By Mary Reitano
New Year’s resolutions for change are an American tradition. The new year, symbolizing fresh beginnings, is a good time to “reset.” Common resolutions relate to health—weight loss, increased exercise, or smoking cessation. However, have you ever started with good intentions, but lost motivation to keep your resolutions? If so, perhaps it would help to take new look at motivation and change.
Change is a Process
Change does not happen suddenly, but in stages, according to researchers Prochasko and DiClemente. Perhaps you are thinking about change, but have not yet taken action. Congratulations! You are already at Stage 2, called contemplation. Or maybe you started on a fitness plan, but fell back into your old habits. You will be encouraged to know relapse is not failure, but a normal part of change, overcome by analyzing the triggers that activated old habits and then reinforcing new coping behaviors. Other stages of change include preparation, action; and maintenance. 1
Motivation from Within
Motivational Interviewing was developed by Miller and Rollnick to help those struggling with substance abuse, but it is highly effective in changing other habits. This refreshing approach includes determining your reasons for change, and reinforcing those intrinsic motivations. Change is hard, but possible by accessing your own deeply-held values. “Motivation for change occurs when people perceive a discrepancy between where they are and where they want to be.” 2
Cost versus Benefit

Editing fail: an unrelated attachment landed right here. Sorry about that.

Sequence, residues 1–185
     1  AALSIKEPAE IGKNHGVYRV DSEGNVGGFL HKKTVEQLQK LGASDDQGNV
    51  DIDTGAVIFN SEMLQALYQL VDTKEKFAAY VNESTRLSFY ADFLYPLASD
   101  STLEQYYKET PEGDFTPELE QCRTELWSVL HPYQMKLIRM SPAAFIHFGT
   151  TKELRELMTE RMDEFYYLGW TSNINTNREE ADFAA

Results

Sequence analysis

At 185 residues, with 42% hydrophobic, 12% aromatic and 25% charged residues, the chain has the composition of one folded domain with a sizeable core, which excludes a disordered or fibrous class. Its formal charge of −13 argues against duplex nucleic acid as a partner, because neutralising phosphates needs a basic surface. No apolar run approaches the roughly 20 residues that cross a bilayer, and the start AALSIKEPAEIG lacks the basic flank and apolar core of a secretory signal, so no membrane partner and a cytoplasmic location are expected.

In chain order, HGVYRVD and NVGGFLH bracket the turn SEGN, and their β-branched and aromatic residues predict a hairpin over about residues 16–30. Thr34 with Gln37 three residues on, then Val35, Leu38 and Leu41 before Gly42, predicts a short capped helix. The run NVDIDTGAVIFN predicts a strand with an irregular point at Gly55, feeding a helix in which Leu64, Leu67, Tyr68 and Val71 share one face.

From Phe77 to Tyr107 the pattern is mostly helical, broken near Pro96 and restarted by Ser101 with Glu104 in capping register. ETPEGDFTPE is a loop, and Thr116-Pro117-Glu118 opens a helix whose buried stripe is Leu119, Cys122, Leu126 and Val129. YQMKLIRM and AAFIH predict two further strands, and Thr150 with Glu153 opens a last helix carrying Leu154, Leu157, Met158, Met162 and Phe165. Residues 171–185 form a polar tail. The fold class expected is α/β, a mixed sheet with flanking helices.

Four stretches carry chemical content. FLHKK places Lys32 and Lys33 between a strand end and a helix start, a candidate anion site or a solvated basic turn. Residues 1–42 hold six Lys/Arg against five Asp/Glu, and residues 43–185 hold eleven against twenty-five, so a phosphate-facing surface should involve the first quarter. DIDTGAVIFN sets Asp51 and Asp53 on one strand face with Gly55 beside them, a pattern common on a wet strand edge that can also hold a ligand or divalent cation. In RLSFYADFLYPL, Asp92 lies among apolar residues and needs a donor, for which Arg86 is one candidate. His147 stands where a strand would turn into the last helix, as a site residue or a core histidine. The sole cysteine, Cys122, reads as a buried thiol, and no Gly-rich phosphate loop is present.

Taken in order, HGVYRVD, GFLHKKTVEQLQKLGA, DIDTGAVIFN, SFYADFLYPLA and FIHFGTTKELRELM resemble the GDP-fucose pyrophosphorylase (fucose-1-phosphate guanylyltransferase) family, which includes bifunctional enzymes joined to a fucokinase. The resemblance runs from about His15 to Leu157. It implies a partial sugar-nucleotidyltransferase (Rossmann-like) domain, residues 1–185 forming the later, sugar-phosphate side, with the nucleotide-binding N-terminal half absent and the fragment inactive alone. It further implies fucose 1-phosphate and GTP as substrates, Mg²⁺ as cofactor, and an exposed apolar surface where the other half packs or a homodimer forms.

Another theory of change is “Cost versus Benefit.” Many people will not change unless the costs of current behaviors exceed the expected benefits of new behaviors. For instance, the effort to learn new recipes, restrict intake, and give up unhealthy foods may not outweigh the perceived benefits of weight loss (less criticism, better-fitting clothes, increased energy or compliments.)
New Vision of Yourself
A different self-perception is a key to successful change. Seeing your self as a non-smoker, thinner person, or physically-fit person may be a new idea. “Each person’s “belief that change is possible is an important motivator to succeeding in making a change….” 2 Many people have “negative self-talk” due to their self-perception (like calling themselves unmotivated). This can create a negative assumption that you are flawed at your core, also called “shame.” Shaming self-talk becomes a self-fulfilling prophecy and inhibits change. You may be “guilty” of over-eating or smoking. But, these are habits you can change–behaviors do not have to become your identity. A more constructive belief is that you can significantly self-determine who you are by exercising your free will and the “executive function” area of your brain. This is why being around positive people is helpful. Some friends, family members and professionals can see and draw out the best in you. And, that is why support groups, counselors or coaches can empower you in making significant change.
For additional information, please see the resources listed below:
2,3 Motivational Enhancement Therapy manual. http://motivationalinterview.net/clinical/principles.html
Pro-Change Behavior Systems,, Inc. http://www.prochange.com/transtheoretical-model-of-behavior-change
Mary Reitano is a Licensed Professional Counselor Associate with four years of experience, focusing on positive psychology and a holistic approach that addresses emotional, relational, mental, physical and spiritual health.